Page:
The earth is healing thanks to the lockdown but its future will depend on mankind

Updated: Apr 28, 2020

The environmental changes since the lockdown have given us cleaner air and clearer skies.

Air pollution has fallen by up to 60 per cent in some cities in the UK since the start of the lockdown and the climate has gotten a much needed break from 'human pollution'.

It is not a secret that before the lockdown, global warming had become a cause for concern and was happening at an alarming rate.

The rise of fossil-fueled economies over the past 200 years, and especially the accelerating Carbon emissions since the end of World War II, is clearly the cause of our mounting climate crisis. However, even though 99% of climate scientists recognise what is happening, it can still be difficult to grasp something of that magnitude.

We witnessed a new state: a warmer climate, rising sea levels, more frequent floods and droughts; and numerous hurricanes and raging wildfires. But,since motorways cleared and factories closed, dirty pollution belts have shrunk over cities and industrial centres in many countries around the world.

Meanwhile global carbon dioxide emissions are predicted to fall 4 per cent this year, a historical drop, due to the decrease of air and road traffic and heavy industry.

Levels of nitrogen dioxide, caused by road traffic, dropped significantly across countries around the world, after respective governments introduced a nationwide stay-at-home policy. In some cases, road traffic dropped by more than 70 per cent.

In England, monitoring points in London, York, Bristol, Glasgow and Nottingham were among those which saw their levels of air pollution halved.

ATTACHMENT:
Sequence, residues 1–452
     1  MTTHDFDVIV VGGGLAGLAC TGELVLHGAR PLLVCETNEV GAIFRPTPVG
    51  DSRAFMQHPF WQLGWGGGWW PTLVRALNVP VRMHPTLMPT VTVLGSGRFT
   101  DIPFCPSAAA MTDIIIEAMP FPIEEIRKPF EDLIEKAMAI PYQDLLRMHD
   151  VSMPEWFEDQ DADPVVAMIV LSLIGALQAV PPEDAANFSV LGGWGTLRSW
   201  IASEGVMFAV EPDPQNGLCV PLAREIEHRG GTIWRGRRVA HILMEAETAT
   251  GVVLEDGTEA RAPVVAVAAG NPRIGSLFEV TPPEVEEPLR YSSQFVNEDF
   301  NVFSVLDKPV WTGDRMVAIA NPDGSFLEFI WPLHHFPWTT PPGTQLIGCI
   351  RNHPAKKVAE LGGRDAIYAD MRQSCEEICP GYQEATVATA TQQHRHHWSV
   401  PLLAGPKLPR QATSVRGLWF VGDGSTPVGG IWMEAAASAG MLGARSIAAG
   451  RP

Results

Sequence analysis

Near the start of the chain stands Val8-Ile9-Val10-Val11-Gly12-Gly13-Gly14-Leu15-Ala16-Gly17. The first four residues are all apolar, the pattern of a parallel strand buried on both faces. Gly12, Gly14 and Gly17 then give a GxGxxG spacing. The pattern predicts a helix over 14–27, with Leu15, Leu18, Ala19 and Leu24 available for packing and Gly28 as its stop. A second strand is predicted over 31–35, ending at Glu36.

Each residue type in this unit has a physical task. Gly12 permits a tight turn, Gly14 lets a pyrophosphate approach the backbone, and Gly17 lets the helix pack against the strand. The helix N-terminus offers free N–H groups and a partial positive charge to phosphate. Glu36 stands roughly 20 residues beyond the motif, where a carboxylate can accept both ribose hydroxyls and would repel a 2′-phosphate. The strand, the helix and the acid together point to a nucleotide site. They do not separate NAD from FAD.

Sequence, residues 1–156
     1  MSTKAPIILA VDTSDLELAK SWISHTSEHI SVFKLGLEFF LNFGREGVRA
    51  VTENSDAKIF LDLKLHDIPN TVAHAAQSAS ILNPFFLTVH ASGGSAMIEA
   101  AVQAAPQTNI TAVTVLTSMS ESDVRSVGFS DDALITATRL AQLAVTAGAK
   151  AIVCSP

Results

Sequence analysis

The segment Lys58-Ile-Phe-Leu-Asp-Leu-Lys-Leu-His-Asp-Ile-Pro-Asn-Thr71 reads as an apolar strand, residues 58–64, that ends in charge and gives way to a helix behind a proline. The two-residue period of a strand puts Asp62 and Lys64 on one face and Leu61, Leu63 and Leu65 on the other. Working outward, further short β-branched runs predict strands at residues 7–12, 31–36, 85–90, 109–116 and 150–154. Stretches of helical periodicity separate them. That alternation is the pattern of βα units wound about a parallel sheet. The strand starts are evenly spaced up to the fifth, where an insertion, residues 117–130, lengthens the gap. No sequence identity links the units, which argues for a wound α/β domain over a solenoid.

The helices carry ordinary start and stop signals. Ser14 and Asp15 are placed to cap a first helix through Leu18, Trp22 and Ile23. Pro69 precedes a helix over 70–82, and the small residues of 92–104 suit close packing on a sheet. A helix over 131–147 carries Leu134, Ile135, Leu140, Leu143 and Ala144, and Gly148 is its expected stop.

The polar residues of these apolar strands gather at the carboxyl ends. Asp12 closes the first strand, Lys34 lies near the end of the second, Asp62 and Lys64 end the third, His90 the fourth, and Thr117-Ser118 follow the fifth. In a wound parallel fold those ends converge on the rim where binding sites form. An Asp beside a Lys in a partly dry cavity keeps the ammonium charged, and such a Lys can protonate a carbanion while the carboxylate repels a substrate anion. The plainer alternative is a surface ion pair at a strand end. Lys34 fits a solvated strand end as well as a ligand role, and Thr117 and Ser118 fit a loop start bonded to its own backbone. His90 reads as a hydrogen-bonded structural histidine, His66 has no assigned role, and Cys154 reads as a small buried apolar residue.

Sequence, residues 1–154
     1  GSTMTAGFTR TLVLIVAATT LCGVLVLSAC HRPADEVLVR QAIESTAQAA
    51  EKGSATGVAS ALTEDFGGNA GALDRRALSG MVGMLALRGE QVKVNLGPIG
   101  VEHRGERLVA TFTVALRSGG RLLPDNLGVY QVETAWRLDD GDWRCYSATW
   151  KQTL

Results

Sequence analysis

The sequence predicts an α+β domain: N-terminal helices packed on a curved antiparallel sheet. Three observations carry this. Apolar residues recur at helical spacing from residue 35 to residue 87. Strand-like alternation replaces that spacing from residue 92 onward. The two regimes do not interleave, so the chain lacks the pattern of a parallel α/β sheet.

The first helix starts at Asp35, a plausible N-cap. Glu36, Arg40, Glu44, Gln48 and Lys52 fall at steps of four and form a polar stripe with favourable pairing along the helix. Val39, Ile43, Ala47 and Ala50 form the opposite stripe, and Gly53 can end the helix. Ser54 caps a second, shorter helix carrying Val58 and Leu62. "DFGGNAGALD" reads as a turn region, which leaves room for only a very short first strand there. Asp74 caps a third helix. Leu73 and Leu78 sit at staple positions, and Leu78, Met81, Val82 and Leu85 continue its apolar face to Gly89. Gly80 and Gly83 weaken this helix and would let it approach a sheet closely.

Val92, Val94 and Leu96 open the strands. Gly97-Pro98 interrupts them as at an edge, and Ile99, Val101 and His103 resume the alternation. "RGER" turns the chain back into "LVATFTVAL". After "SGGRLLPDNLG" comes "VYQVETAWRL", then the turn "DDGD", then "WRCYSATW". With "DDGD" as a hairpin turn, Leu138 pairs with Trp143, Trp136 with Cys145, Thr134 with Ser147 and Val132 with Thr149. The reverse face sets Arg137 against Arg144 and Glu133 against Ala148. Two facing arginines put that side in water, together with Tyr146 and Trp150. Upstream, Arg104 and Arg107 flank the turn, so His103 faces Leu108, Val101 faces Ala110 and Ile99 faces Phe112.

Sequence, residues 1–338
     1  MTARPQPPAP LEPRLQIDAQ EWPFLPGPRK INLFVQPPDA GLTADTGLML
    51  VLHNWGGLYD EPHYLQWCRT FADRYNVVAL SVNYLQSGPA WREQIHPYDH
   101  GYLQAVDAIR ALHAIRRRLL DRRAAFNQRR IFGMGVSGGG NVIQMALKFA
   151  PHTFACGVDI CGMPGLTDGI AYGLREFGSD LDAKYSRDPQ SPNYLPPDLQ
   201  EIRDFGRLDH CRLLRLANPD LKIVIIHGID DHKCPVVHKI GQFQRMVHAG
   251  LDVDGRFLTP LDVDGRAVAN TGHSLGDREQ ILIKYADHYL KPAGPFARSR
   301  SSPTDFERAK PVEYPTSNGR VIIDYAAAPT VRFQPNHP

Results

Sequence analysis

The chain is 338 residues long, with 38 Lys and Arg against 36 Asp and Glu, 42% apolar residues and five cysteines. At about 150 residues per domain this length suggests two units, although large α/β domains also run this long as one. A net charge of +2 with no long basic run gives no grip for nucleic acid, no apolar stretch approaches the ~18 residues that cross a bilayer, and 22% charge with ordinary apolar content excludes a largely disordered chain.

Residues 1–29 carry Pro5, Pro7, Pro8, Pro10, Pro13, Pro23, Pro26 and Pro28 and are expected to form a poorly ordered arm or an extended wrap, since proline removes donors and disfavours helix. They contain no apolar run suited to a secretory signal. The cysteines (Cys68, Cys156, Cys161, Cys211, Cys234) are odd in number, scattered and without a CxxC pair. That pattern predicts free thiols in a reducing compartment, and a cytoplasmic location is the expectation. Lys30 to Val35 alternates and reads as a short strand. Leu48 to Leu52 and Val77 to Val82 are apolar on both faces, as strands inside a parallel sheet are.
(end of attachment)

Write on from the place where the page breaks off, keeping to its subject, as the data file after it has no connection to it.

For many experts, it is a glimpse of what the world might look like without fossil fuels. However, hopes of a cleaner world in the long-term will depend not on the short-term impact of the virus, but on the political decisions made about what follows.

Key environmental indices, which have steadily deteriorated for more than half a century, have paused or improved. In China, the world’s biggest source of carbon emissions were down about 18% between early February and mid-March – a cut of 250m tonnes, equivalent to more than half the UK’s annual output.

Meanwhile in Spain, traffic in Madrid and Barcelona, the two largest cities in the country, dropped by 60% during the first few days of the lockdown, resulting in a sharp decline in pollution levels. Vehicles are the main source of emissions in Spain.With nitrogen levels, caused mainly by diesel engine activity, the country saw those emissions drop below the 40 percent limit. As a result, it has made the air a lot cleaner.

There is no doubt that the global lockdowns are hitting the fossil fuel industry. With fewer drivers on the roads and planes in the air, the price of oil has fallen almost two-thirds since last year.

While this is not good for the oil industry and its investors, this could be good news for the climate, as it is a known fact that oil is the biggest source of the carbon emissions that are heating the planet and disrupting weather systems.

The break for nature will be less important than what follows. There is no doubt that there are ongoing discussions and strategies being put in place to ensure that the results the world has seen in the last 100 days will continue.

Meanwhile, global conferences intended to find solutions to environmental problems, such as the Cop26 UN climate talks, originally scheduled for Glasgow at the end of this year, have been postponed but there is scope to have discussions virtually to tackle climate change.

It would be unrealistic to think that the world will return to ‘era’s old norms’ of climate and atmosphere. The effects of residual enhanced CO2 will take centuries to work out under the best of scenarios. However, there is hope that as a species we can take immediate and “exponential” action by promoting the use of clean energy sources, reduce direct emissions of greenhouse gases and be more environmentally friendly at home, at work and in our day to day lives.